Silk, in particular, has an affinity for plant dyes, and colours beautifully.
Multicoloured yarns for knitting and embroidery can be very expensive to purchase and quite simple to dye. Silk, in particular, has an affinity for plant dyes, and colours beautifully.
Plant vs protein
Silk and wool can be dyed without pre-mordant; however, cotton, linen and other cellulose fibres should be pre-mordanted first for efficient dye take-up.
A simple way of dyeing multicoloured yarns for craft uses is to take a hank of yarn (I usually use silk) and lay it out in a flat food storage box.
Then take small quantities of concentrated dye solutions and carefully apply these to chosen areas, making sure there are distinct colour areas. Where dye solutions meet there will be interesting blends and new colours may form as a result of chance cocktails. When all of the silk has some colour applied, seal the storage box and let time work its magic. Leave it for at least a few days, preferably for a week. If you plan to leave it for longer periods of time, monitor the contents regularly! Once the dye begins to decompose (which can happen quite quickly in warm weather depending on the dyes — eucalyptus dyes can be left for months, whereas ice-flower dyes have a much earlier use-by date), things can get a bit smelly and this is best avoided. It is good practice to freeze the entire box from time to time if you want to leave the dye in contact for an extended period.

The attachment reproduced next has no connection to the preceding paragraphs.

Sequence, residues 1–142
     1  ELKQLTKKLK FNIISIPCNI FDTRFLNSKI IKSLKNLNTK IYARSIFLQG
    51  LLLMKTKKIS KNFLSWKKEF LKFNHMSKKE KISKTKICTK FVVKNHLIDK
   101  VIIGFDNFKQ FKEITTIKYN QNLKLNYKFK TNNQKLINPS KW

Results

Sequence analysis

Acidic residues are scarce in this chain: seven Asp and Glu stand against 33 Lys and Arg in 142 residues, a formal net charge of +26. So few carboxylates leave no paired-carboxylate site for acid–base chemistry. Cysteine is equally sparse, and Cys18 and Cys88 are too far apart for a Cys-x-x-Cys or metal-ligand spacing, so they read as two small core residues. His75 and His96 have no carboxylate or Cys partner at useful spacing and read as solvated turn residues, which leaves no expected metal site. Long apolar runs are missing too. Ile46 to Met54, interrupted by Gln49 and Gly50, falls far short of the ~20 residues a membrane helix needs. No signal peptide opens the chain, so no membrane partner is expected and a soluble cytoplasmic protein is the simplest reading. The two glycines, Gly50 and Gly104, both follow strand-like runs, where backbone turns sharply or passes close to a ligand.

Pre-mordanting the skein of silk may help dye take-up and will influence the intensity and shade of colour achieved.
When the depth of colour is to your satisfaction, place the hank or skein in a strainer and gently spray with water using a hose. When the water runs clear, squeeze out excess moisture and hang the skein in the shade to dry.
Immerse the skein of silk or wool entirely in a dye-bath. After processing as desired, and when the skein is dry, tie off areas using the resists described above and immerse in another dye-bath. Continue these processes with successive overdyes as desired. A final rinse in a dilute vinegar-and-water solution will restore soft handle to the fibre.
If the skein is partially pre-mordanted with various substances, the diversity of colour will be even greater.